Wednesday, December 11, 2013

Who Advocates for the Outcasts of Our Culture?

“Who advocates for the outcasts of our culture?”

[Angie C wrote a thoughtful post on By Common Consent a couple of years ago that made me stop and consider something in a way that I appreciated.  It was titled, "Who are the Anti-Mormons?" - and it included the question I used as the title of this post.  The following is my comment in that thread:]

This was a great post, Angie – but that line above jumped out at me. Who are the “publicans, sinners, lepers, etc.” within our own Mormon culture, and how are we treating them? Further, how many people, including those whom we have treated as outcasts, who now legitimately can be called “anti-Mormon” would be anti-Mormon if we were treating them as Jesus showed us how and told us to treat the outcasts of society and those who persecute and despitefully use us? (The anti-Mormon comments on newspaper article threads hurt my head sometimes, but the responses by LDS members often hurt my heart.)

At heart, I believe most anti-Mormons are sincere people expressing sincere beliefs that reflect a real concern for the welfare of Mormons’ souls. Many speak from a history of deep pain from when they were part of "us".  I think, in general, they “hate the institution, but love the member” – as well as they know how, which in some cases is badly. I think, however, that the same can be said by others about many LDS members – that they “hate other denominations (generally not other religions), but love the members” – as well as they know how, which in some cases is badly.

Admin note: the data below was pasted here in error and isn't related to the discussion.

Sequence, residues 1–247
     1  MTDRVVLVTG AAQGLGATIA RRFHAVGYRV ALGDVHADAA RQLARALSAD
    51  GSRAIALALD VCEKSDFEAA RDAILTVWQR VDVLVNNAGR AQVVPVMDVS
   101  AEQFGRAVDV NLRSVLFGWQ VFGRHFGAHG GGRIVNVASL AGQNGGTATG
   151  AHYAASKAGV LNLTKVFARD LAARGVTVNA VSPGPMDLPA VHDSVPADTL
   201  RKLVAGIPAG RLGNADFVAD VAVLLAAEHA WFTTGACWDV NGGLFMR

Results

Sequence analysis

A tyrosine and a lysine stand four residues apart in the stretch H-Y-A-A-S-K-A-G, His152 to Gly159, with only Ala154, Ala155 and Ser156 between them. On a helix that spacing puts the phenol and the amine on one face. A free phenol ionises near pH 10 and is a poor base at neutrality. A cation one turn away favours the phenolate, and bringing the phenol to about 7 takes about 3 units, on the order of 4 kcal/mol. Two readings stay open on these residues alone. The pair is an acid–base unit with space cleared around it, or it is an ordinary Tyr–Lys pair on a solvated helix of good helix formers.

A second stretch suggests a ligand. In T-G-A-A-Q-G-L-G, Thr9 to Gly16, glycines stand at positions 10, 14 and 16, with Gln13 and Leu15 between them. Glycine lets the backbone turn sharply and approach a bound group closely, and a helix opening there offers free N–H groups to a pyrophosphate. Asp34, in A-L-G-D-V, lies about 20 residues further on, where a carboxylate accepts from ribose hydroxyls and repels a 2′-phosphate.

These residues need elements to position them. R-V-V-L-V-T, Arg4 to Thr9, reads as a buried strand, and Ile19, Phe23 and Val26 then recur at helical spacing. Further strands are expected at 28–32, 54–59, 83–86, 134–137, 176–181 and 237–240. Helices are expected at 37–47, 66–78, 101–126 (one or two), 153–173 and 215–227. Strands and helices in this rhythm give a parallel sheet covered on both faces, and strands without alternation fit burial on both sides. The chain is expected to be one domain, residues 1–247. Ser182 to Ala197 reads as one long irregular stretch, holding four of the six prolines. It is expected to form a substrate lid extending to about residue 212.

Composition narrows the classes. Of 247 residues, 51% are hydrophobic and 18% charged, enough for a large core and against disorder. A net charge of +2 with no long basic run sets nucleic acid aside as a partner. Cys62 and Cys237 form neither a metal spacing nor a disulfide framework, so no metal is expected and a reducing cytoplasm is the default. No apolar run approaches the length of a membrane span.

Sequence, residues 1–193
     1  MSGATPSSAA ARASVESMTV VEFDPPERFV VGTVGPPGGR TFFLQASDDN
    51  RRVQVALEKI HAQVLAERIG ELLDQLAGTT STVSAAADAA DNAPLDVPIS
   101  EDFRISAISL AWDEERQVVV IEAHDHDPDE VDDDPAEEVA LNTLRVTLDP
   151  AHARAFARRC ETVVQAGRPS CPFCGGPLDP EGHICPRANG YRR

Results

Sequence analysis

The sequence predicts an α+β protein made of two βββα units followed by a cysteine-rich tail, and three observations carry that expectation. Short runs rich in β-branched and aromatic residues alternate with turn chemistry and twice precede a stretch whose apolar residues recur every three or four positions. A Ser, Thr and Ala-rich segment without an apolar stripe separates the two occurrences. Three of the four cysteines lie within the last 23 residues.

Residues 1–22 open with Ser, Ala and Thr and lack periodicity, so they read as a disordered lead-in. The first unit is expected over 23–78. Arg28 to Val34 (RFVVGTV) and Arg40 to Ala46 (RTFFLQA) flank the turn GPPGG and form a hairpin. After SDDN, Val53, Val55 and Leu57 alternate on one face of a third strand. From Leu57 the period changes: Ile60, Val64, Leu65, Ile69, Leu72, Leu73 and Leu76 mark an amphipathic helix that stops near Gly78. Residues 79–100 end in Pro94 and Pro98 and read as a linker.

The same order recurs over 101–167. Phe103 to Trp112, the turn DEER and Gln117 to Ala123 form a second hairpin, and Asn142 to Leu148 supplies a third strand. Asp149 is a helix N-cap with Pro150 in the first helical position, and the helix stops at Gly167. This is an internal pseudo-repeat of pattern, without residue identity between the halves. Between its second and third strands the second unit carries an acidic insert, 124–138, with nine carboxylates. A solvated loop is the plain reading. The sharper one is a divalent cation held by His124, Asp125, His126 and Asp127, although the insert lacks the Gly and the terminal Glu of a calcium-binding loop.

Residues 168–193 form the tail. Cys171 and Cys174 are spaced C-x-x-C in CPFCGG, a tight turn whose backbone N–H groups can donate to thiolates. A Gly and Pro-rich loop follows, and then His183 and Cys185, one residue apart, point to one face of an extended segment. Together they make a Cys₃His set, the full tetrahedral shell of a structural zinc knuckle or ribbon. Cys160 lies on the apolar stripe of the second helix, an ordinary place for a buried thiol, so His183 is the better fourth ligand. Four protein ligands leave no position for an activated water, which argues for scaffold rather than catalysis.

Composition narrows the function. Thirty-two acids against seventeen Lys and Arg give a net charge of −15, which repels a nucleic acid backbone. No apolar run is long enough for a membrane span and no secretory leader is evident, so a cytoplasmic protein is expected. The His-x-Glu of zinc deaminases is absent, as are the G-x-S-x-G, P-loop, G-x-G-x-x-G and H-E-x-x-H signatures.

Often, given their theology (or their move from Mormonism to atheism, which is common), that’s to be expected of them; given ours, it shouldn’t be expected of us. So, who is under greater condemnation for being “anti-others”? Who is more responsible for eliminating internal “outcasts”? (and by that I don’t mean at all the elimination of core doctrinal standards and an acceptance of everything as fine and dandy, even as I believe the recent explanation of the Priesthood ban and its justifications makes it clear that we, as fallible mortals, often turn theories and "the philosophies of men" into doctrine where it ought not be)

Is it any different for them to reject us as Christians for believing differently than we do than it is for us to reject “our own” as Mormons for the exact same thing? 

I believe it is worth asking the question:

Who are the outcasts of our culture, why are they outcasts, what part did we have in making them outcasts, and who advocates for them?  

After all, charity suffereth long and is kind. 


Christopher Phillips said...

Great post- there is a quote from President Kimball on this topic that I love:

“I do not worry about members of the Church being unresponsive when they learn of the needy as much as I worry about our being unaware of such needs. … Please, priesthood leaders, do not get so busy trying to manage Church programs that you forget about basic duties in what the Apostle James described as ‘pure religion, undefiled’ (James 1:27).”

Papa D said...

I love it, Christopher. Thank you!